Sunday, April 24, 2016

If You’re Going To Do It Anyway…


If or when you look for a job you’ve got to employ multiple methods and use every tool at your disposal. LinkedIn is one of those tools and, if you don’t know it, it is a primary tool used by recruiters and companies looking for potential employees. Doesn’t it make sense that in addition to your own efforts, it would be nice to get an unsolicited inquiry, people who find you instead of you always doing the chasing? But that doesn’t happen all by itself; you have to set the stage correctly and it doesn’t require that much extra effort. 
 
If you’re going to have a LinkedIn profile you should make it something worthy of yourself. If you put a lot of effort into having a good resume it’s simply a matter of posting the same information onto LinkedIn. How tough can it be? I know many very-accomplished and highly-regarded professionals whose LinkedIn profile is their resume – period; they don’t have another, it’s one in the same. With the option of posting reference letters, gaining endorsements for the skills you list about yourself, the many groups that are available to join and more, there is a lot you can take advantage of; it’s about more than simply posting your resume or CV. 
 
Never post your phone number but ensure you have a private email link. Having only your professional and work email address limits your appeal and inhibits people from reaching out to you – especially if they would like to reach out with a potential job opportunity. If you’re worried about what your boss might think, trust me, they are also being approached, making their concerns just a bit hypocritical.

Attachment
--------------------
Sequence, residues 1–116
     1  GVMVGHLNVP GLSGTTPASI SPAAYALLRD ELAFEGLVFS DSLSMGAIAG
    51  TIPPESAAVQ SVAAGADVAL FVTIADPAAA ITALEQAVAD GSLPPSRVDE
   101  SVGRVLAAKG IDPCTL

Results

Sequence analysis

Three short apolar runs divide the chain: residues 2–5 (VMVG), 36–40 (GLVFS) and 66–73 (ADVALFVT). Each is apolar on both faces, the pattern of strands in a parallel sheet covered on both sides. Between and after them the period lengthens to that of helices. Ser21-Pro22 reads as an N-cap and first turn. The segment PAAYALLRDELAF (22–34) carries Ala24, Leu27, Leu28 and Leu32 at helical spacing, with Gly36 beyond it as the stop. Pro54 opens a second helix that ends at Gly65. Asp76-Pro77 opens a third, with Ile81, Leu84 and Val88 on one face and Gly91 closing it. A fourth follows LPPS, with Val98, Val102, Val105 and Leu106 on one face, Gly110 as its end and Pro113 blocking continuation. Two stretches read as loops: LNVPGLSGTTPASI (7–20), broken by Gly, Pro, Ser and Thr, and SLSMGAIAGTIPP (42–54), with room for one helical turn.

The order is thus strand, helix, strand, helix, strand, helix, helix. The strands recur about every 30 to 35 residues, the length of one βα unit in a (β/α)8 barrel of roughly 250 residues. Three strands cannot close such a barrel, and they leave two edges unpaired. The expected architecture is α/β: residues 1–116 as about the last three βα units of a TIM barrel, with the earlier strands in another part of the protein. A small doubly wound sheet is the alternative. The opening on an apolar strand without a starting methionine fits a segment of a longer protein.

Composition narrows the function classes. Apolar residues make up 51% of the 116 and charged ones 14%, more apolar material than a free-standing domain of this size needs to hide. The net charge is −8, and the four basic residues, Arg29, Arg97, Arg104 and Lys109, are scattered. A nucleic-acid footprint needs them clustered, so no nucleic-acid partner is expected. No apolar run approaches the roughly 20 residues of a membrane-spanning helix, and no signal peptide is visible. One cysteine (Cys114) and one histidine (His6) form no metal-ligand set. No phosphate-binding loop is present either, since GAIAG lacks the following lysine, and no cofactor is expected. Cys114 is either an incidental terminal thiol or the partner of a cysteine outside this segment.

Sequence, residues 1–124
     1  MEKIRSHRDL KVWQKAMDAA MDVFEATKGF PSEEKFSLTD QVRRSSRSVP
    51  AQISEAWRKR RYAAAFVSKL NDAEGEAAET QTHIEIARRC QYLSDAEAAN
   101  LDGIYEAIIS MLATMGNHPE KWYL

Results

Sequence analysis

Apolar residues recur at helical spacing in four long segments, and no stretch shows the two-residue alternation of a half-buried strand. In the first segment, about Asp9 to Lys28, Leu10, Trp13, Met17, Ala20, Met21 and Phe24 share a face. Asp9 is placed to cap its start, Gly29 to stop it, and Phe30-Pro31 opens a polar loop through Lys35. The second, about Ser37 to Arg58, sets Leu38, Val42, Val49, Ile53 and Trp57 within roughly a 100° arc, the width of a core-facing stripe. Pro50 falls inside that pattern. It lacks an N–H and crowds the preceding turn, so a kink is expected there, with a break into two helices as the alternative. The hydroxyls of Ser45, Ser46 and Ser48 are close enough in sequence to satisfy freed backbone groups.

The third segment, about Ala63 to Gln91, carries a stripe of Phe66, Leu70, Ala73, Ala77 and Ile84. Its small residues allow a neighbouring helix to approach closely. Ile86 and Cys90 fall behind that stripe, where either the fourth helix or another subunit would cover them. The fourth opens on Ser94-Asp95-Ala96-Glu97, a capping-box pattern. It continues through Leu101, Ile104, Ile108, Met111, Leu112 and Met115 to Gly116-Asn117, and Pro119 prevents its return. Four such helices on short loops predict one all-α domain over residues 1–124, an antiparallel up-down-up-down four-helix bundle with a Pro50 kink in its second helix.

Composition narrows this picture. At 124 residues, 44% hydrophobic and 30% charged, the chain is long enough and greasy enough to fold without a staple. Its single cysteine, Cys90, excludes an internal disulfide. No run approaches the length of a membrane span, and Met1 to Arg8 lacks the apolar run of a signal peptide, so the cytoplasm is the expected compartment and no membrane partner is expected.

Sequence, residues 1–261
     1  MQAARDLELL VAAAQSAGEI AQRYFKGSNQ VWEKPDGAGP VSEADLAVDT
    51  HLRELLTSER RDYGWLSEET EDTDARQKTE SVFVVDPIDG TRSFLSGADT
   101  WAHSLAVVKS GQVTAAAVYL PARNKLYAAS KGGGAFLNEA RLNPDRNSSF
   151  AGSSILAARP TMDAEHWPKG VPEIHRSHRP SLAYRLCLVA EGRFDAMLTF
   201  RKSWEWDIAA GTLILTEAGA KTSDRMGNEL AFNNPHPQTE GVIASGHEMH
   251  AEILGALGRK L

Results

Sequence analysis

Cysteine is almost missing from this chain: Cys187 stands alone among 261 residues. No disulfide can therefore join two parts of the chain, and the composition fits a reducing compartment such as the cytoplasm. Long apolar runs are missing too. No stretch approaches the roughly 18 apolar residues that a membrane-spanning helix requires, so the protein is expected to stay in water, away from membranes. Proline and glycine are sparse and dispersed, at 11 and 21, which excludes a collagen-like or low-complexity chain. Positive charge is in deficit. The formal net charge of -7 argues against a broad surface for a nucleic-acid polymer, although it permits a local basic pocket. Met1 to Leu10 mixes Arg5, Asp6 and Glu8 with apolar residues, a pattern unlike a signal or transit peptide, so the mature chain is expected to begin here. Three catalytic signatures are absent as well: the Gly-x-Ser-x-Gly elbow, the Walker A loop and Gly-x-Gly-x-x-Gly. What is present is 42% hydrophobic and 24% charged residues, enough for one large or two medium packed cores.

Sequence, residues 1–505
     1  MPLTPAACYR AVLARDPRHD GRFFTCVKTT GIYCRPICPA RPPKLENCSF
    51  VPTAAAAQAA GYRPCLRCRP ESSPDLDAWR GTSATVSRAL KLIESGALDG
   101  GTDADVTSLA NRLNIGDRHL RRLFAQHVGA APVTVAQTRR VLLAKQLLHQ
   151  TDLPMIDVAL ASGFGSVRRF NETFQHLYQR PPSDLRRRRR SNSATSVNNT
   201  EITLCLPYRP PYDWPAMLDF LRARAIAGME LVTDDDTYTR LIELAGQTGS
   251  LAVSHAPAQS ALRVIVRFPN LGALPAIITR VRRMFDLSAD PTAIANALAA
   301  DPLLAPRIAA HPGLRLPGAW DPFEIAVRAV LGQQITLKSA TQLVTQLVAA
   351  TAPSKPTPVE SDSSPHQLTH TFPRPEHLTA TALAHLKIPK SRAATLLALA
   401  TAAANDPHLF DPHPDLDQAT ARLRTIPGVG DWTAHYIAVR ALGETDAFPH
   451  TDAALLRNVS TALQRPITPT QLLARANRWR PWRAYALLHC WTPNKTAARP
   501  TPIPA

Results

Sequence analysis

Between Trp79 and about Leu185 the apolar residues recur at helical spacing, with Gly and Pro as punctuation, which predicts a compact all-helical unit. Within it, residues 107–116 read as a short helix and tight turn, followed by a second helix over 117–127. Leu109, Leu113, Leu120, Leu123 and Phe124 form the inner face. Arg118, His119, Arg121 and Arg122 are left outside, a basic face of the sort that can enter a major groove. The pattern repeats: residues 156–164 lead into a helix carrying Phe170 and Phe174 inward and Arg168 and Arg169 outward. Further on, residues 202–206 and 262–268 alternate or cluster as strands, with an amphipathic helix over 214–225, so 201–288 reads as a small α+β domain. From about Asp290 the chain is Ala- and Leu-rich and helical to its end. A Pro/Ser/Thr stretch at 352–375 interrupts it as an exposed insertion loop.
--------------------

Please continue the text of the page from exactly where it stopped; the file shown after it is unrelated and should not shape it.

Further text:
If you are going to attempt to build a network on a venue such as LinkedIn or something similar, merely sending connection requests of people to build a classic network of contacts, go just one step further – after someone has added you, send them a small single sentence reply, thanking them for adding you accompanied with an additional sentence or question that can help to initiate or facilitate further dialogue. Remember that your goal should be to exploit the virtual tools available to you, in order to facilitate in-person introductions and meetings. Drive your efforts, rather than sitting mute as a mere passenger and bystander.
 
For any tool to be effective you have to take a little time to learn and know how to wield it in order to take full advantage of it. Regardless of whether you are looking for a job or simply trying to build a professional network, LinkedIn is a great tool for professionals and especially those beginning their careers. Take advantage of it while you can -- at least before and until it degenerates into being another Facebook. Regardless of what it is you are trying to accomplish, sometimes the difference between mediocrity and excellence is just a bit more effort on a consistent and conscious level, and if you’re going to be doing these things anyway, …

Sunday, April 17, 2016

Arrested Development


Looking back over the entirety of my career and work history thus far, I remember my very first job. My brother and I delivered a weekly local newspaper in Northeastern Ohio, called The Bulletin. Our route consisted of a relative circle and cross-streets equivalent of four blocks in our own neighborhood; I was 11 years old. Later, like most others of that period in time we had subsequent summer jobs until we graduated high school and entered the workforce full-time or went on to college and university. My interest in earning money transcended my interest in sports in school and by the time I was 17 and until graduation, I worked for a line service, refueling small and medium-sized private, corporate and commuter aircraft at Burke Lakefront Airport in downtown Cleveland on the shores of Lake Erie – which required an above-average level of responsibility for my age. After high school I joined the military and became a paratrooper – clearly, by the time I finished school I couldn’t wait to jump out into the real world and I’ve never since looked back.